After the first reading even the surname of this famous author appears more exciting than this story. The narrative is driven by a rather uninteresting nocturnal pondering of the protagonist, Richard, hardly a forceful stream of consciousness. He is lying awake thinking about all the Classics he should have read, and his intimacy with Russian Ana. I cannot but wonder what in the world was this about, ask myself the old elementary school question, which I have been taught to forget: what did the artist want to say with this work?
However, like all good story craftsmen, Wolff offers more for a deeper reading. One thing that kept me alert was the missing reason of his insomnia. It seemed to me that if Richard just told himself this story he’d fall asleep. Yet, he didn’t, and neither did I. It was the very reason for his being awake that intrigued me the most. Everything became significant in relation to this reason.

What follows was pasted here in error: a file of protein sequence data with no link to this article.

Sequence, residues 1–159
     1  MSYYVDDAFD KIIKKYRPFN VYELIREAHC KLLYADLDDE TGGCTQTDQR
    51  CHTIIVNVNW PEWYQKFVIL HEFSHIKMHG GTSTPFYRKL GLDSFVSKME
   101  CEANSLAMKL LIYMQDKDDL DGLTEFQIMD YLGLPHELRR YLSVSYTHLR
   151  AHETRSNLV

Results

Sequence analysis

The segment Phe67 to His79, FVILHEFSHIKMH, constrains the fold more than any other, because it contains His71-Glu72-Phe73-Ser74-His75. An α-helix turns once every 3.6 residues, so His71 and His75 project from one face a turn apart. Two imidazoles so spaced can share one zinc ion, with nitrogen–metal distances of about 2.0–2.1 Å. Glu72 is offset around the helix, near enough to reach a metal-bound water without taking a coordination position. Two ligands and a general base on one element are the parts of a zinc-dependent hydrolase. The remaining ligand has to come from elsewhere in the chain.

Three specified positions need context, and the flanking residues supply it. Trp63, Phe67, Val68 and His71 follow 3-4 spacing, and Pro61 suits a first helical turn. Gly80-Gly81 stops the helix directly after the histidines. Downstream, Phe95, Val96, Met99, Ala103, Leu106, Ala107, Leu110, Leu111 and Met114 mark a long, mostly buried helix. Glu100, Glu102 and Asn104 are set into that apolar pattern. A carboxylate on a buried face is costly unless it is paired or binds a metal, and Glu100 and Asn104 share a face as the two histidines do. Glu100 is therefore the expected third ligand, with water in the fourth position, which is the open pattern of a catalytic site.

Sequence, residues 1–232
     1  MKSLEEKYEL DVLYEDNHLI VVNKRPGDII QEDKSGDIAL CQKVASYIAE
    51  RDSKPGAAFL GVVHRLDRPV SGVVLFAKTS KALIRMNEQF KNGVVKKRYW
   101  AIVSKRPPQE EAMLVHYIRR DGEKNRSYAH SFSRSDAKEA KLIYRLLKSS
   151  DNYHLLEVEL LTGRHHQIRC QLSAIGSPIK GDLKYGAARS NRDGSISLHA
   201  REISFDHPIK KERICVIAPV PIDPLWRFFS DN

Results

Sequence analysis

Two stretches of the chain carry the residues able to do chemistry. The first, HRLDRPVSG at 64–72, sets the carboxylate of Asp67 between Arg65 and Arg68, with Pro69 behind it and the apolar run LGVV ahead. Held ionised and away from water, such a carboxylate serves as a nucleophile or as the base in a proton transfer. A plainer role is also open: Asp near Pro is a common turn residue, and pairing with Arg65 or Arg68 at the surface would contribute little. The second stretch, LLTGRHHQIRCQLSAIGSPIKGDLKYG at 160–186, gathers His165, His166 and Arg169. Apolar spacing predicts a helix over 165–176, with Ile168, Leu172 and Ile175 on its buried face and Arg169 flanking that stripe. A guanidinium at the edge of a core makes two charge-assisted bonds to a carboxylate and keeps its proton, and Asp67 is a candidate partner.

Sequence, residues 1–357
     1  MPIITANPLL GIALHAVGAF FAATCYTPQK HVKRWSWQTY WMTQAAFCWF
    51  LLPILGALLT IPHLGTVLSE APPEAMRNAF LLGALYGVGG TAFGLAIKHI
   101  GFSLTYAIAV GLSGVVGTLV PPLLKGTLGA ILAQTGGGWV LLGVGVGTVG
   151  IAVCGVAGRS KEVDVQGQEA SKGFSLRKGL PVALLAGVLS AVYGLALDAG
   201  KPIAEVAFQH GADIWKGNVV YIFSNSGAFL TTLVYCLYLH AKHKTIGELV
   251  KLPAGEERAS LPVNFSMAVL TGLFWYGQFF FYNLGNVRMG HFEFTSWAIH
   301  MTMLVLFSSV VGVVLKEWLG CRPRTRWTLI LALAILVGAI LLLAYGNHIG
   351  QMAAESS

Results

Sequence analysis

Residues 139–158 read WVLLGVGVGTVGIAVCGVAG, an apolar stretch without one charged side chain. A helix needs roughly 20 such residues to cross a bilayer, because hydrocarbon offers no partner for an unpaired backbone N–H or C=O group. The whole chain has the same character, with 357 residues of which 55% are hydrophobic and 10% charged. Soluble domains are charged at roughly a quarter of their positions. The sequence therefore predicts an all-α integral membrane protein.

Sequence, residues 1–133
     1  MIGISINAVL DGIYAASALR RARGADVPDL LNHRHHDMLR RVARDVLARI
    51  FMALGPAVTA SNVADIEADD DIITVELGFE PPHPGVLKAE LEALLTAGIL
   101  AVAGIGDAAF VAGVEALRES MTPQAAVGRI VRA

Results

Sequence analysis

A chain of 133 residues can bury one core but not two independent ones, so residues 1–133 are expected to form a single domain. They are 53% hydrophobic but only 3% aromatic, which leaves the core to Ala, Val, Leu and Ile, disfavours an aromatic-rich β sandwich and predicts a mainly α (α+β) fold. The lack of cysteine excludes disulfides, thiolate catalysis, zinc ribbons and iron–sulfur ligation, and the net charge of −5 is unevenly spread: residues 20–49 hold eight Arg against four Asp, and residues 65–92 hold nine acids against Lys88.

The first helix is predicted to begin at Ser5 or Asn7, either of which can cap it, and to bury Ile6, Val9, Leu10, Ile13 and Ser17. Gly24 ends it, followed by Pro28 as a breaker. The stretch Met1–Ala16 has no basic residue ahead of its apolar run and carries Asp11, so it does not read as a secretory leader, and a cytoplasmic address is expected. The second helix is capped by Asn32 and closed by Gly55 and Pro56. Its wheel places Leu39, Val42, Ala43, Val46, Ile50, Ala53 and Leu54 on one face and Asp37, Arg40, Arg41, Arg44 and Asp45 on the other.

Sleepless Richard is desperately trying to read an old adventure, Homer’s the Odyssey. Only for him it is not exactly a modern page turner. It offers a great deal of action, but the old poesis seems to hamper the flow, unlike the book and the movie The Exorcist, which he recalls reading. The other books on his wanna-read list are by the Russian masters, which Ana has obviously read. Does the insomnia depend on his insecurity in Ana’s company? This is an interesting twist, on my view. Richard, the American, living in his own country, feels inferior to his displaced, immigrant love interest with a strong accent. The story reads like an inverted cliché of immigrant literature. I further like the emphasis on the Canonical works, which are like a burden on this man.
In short, this quite unassuming story yields to me a rather interesting interpretation, placing itself among those works worth going back to.